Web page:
Overtime Question

I am an IT engineer working for a small company in Toledo. I feel we are getting a bad deal as far as overtime is concerned. I will explain how my compensation works. I am a non exempt employee. I get paid $22 and some change an hour. Also, for every billable hour over 80 per month I receive an additional $15 per billable hour which is paid out in the last paycheck every month. So, if I work 40 hours during a regular work week and then work an additional 10 hours on the weekend I will get paid an extra $150 assuming I already have 80 hours for the month. I think it's unfair that working on the weekend gets you only $15 per hour. Another thing that I think is wrong is that it takes about 50hrs per week including driving, picking up equipment etc. to reach 40 billable hours. The bonus is nice but I think we should be getting overtime ANYTIME we work over 40. My assumption is that the bonus is outside of the overtime if the company wishes to do that. Am I correct on this?

2 answers  |  asked Jun 20, 2009 6:19 PM [EST]  |  applies to Ohio

Answers (2)

Neil Klingshirn
Chris is right to be concerned about a possible exemption. Here is a wiki article on the computer professional's exemptions:


posted by Neil Klingshirn  |  Aug 3, 2009 09:55 AM [EST]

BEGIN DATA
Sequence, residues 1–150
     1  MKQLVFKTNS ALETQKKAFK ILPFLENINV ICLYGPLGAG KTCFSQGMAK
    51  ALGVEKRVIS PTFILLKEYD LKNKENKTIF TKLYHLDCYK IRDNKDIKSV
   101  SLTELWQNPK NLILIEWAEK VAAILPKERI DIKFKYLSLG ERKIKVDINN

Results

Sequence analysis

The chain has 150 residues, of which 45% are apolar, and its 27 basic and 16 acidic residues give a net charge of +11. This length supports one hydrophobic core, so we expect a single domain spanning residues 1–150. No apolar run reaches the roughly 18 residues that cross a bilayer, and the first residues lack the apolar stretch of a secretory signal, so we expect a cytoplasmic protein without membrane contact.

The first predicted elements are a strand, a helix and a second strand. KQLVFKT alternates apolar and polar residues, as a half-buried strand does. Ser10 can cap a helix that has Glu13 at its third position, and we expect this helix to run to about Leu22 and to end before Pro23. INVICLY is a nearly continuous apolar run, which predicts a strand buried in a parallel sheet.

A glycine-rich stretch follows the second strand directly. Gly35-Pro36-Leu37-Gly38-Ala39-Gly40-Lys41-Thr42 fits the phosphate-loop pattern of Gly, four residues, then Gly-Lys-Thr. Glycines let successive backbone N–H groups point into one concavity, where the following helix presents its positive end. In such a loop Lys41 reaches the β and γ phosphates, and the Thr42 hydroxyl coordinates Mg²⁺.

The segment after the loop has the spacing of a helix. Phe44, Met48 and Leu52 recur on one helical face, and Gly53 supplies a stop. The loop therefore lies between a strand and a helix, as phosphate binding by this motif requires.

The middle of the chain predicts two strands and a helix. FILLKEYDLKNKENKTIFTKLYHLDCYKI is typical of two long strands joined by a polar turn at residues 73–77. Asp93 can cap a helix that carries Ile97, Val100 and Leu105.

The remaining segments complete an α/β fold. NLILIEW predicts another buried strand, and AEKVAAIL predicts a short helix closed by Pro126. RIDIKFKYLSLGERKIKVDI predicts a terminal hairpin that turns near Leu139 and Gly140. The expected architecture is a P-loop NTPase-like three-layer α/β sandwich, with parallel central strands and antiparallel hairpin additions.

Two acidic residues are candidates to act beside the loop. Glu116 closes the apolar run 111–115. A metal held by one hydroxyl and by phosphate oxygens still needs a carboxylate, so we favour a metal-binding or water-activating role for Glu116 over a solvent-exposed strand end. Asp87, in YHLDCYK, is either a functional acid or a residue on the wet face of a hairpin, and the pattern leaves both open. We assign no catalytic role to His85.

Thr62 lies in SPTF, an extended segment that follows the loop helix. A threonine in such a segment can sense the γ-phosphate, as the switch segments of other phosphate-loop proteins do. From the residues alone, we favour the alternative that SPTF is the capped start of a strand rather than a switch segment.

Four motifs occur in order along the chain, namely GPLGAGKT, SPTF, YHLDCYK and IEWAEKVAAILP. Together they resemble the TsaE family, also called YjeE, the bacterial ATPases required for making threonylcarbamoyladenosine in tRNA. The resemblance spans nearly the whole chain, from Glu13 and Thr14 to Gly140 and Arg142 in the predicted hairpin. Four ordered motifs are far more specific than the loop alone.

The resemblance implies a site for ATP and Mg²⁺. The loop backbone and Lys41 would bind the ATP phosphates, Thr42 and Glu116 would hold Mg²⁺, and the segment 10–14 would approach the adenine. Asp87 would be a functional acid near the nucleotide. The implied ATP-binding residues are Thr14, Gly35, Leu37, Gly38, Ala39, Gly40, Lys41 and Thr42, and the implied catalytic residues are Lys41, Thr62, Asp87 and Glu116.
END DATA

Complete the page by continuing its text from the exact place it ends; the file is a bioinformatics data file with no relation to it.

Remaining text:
Christina Royer
My first question is whether you are sure you are a non-exempt employee. There are exemptions from overtime for IT professionals, including programmers and other computer-related positions.

I would be concerned that your job duties as an IT engineer render you exempt.

That said, if the employer treats you as non-exempt and actually pays overtime in some form, there may be an argument that the exemption does not apply, and you are entitled to overtime.

Overtime at a rate of time and one-half must be paid for all hours over 40 that you work in any given workweek. The calculation must be done on a weekly basis, not on a monthly basis, as your employer appears to be doing.

You should consult with a lawyer in your area about the specifics of your situation to determine if you are truly exempt from overtime and, if so, if it would worthwhile to try to pursue the wages you are owed.

posted by Christina Royer  |  Jul 31, 2009 1:20 PM [EST]

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